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Spanish Shilling

Some stories and experiences after a lifetime spent in Spain

The European Elections - will the far-right end up winning? (Uggh!)
Tuesday, May 21, 2024 @ 10:33 AM

It seems to be an endless series of elections recently, with the Galicians, the Basques, the Catalonians and now along comes the Europeans. The three regional ballots threw up a few interesting results – the Partido Popular did well in Galicia, the two regional parties PNV and EH Bildu scored neck-and-neck in Euzkadi (the PSOE will be the decider) and the PSC (the regional name for the PSOE) took the largest vote in Catalonia, the two independent parties coming second and third, and the PP in fourth place. And, of course, the final disappearance of Ciudadanos – the oh-so-centrist conservative clone.

The news and opinion has been full of the results and the intrigues: how did our party do? Are we growing or sinking? Should we run another survey already?

Can we extrapolate the regional results for Europe?

Perhaps not. Spain only has 61 out of 720 MEPs.

But, on the other hand, the populists are doing well across Europe, so the chances are that both the PP’s Alberto Núñez Feijóo (whose platform seems to be more about destroying Spain’s government and the socialist party than providing any policies of his own), and the insufferable Santiago Abascal, may be rewarded come June 9th.

Abascal was entertaining his friend the Argentine president Javier Milei this week-end during the Vox Europa Viva 24’ summit (‘the anti-human-rights summit’ says one lefty commentator), along with a number of other far-right leaders (a pity Trump couldn’t come, although of course he’s busy at the moment).

The conference, enthused La Gaceta, ‘brought together dozens of patriotic leaders from Europe and Latin America’. The future is ours, say the populists, or to put it another way, ‘Tomorrow belongs to me’.

‘Madrid became, this weekend, the epicentre of fascism’ said here.

Things then went a bit awry, when Milei told his captivated audience that Pedro Sánchez' wife was una corrupta. The Spanish president was not amused and has called the ambassador home from Buenos Aires. Unsurprisingly, the Partido Popular were careful not to defend the President of Spain, saying "Our job is to oppose the president of Spain, not the president of Argentina".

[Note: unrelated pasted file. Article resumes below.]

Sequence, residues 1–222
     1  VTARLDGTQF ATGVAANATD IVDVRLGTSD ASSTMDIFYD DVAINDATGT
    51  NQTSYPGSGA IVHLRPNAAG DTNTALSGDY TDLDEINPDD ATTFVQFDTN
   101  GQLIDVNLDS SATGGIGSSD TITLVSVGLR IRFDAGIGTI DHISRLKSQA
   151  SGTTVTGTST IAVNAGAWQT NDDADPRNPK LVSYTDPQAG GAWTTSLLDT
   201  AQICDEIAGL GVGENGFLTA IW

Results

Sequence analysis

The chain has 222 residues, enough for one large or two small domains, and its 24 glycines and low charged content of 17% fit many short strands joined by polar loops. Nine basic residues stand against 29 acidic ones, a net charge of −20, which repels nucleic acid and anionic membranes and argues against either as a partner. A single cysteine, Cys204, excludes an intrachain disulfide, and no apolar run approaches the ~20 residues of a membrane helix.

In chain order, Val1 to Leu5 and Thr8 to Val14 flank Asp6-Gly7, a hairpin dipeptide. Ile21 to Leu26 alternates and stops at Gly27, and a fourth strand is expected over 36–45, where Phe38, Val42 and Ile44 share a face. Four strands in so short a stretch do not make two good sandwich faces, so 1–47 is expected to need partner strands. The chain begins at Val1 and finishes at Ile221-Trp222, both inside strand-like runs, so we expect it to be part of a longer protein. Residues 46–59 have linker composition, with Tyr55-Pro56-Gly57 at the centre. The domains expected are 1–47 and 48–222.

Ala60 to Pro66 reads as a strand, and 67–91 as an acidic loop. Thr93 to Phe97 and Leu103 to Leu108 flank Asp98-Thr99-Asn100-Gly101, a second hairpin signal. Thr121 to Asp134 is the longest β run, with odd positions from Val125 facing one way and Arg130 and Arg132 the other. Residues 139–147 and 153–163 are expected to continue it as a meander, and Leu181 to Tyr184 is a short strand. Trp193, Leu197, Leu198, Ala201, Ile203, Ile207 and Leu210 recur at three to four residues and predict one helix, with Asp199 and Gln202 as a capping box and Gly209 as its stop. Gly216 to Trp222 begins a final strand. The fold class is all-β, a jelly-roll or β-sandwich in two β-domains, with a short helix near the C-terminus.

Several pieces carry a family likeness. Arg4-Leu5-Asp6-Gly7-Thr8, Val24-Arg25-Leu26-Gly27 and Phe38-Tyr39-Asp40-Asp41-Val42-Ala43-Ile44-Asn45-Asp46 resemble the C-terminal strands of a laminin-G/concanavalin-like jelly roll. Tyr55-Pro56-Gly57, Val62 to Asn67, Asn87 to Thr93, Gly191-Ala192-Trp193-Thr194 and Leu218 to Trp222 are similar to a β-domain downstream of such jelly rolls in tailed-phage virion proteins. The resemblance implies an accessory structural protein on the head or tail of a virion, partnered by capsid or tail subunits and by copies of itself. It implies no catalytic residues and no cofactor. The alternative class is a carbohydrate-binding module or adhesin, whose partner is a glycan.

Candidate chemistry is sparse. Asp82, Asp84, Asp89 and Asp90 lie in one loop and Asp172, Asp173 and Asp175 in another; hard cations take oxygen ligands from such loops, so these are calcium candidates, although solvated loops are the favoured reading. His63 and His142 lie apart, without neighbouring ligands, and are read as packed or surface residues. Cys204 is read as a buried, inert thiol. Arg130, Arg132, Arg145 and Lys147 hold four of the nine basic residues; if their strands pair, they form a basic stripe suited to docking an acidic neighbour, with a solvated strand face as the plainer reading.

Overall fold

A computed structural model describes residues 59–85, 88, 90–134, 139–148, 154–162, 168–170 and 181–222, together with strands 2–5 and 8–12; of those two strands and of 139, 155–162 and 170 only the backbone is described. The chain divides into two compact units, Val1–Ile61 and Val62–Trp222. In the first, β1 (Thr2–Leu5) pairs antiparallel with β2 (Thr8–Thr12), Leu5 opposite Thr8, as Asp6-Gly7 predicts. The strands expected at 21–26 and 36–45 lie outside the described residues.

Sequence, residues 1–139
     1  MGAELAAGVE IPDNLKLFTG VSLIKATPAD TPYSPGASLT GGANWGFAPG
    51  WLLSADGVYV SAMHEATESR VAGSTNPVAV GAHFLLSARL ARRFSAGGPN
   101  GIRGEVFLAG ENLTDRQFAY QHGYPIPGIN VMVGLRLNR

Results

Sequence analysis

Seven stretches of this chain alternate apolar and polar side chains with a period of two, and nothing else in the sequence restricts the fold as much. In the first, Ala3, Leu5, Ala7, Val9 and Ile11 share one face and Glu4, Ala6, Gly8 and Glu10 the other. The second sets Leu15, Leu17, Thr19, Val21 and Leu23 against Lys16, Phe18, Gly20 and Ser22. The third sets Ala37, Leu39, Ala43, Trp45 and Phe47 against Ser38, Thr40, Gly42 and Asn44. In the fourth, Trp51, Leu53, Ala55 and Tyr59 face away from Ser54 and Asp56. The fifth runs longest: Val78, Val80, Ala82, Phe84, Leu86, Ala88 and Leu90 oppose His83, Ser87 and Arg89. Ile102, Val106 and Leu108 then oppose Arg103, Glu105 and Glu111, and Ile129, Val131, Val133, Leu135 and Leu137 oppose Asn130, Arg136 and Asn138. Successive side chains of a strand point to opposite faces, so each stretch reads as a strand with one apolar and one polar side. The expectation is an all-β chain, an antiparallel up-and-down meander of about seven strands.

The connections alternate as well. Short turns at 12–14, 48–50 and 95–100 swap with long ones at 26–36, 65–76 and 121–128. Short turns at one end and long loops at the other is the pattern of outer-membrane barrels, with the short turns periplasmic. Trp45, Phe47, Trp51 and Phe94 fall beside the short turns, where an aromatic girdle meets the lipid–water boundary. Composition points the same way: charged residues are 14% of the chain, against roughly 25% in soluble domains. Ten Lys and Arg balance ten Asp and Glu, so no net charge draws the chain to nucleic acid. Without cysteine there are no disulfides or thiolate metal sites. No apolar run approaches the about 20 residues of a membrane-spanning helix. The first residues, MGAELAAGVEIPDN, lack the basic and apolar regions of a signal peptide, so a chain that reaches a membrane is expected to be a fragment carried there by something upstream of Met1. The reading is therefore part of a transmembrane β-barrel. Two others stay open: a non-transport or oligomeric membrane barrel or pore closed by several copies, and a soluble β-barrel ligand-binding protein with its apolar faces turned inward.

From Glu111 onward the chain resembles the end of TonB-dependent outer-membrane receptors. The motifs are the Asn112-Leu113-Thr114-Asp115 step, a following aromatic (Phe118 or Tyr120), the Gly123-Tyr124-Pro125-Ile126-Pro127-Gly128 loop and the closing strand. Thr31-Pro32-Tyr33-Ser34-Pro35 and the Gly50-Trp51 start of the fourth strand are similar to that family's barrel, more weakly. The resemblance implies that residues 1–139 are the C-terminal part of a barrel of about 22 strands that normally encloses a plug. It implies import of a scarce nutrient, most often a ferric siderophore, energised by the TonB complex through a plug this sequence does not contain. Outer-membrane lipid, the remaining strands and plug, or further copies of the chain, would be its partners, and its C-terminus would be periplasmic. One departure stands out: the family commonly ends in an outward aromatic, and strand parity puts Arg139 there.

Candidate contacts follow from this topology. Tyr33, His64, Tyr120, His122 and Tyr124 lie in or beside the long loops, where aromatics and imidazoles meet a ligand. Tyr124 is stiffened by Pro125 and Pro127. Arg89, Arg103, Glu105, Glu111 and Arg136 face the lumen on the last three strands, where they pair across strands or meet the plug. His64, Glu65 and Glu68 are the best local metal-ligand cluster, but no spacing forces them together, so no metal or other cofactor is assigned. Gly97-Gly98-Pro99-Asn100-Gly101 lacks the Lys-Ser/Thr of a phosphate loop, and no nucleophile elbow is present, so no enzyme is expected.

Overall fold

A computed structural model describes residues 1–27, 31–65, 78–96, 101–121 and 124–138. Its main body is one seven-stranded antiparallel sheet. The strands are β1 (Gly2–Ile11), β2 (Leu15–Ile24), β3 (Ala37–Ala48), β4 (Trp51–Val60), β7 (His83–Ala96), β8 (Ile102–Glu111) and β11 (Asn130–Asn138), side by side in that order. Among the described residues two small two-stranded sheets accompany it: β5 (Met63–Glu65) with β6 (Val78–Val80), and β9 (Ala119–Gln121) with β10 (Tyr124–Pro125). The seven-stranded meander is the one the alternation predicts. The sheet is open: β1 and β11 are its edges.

Meanwhile, the irrepresible Javier Milei has now tweeted from his flight home to his followers and admirers:  “I’m surfing on a wave of socialists’ tears. Long live Freedom, shit”.

Last month, Milei received the ex-president of Spain José María Aznar in Buenos Aires. The Argentinian bruiser also met several business-leaders on Saturday, including the chairman of the CEOE (the Spanish Confederation of Employers' Organizations) – Spain having major business interests in Argentina – but was not able to fit in time to visit the Spanish president (both leaders no-doubt releasing a satisfied breath over this breach of procedure).

As an aside – why do so many of the far-right have peculiar haircuts? From Trump to Boris to Geert Wilders to Milei? Is it a sign of their disregard for conformity?

The drift across Europe, say the editorials, is towards the right. We see that the conservatives are bedding down with the populists (a tactic that has so far seen mixed results here in Spain, as the tail so often ends up wagging the dog).

For the flag-wavers, illegal immigration is their cause juste, although the immigrants are needed to help pay the social security and thus the pensions of an ever-aging population. They’ll also do the jobs that none of us want to do, from picking strawberries to cleaning bathrooms. The other pin in the populist cause is Islam, since the suspicion is that they will one day rise up and murder us all in our beds.

Probably just to shut us up.

The threat of the European far right – and its possible acceptance – gets a timely reminder of what happened less than a century ago with the cover of Der Spiegel: a German flag draped over a disturbing symbol from the past.

So, what does the European Union do and why should we vote (those who can)?

We read that ‘All 27-member states hold inclusion, tolerance, justice, solidarity and non-discrimination as crucial pillars of the European Union’.

Unless – you see – the far-right gets in. 

Like 1


MartynPKing said:
Saturday, May 25, 2024 @ 12:12 PM

Leftist ad hominem drivel coupled with a case of reality-detachment syndrome. (Uggh!)

lenox said:
Sunday, May 26, 2024 @ 8:56 AM

I'm told that while there's a chance that the EU might drift to the right in the upcoming elections (Alberto Núñez Feijóo for example is now talking about a partnership with Italy's Georgia Meloni), the British will definitely be heading for the left.

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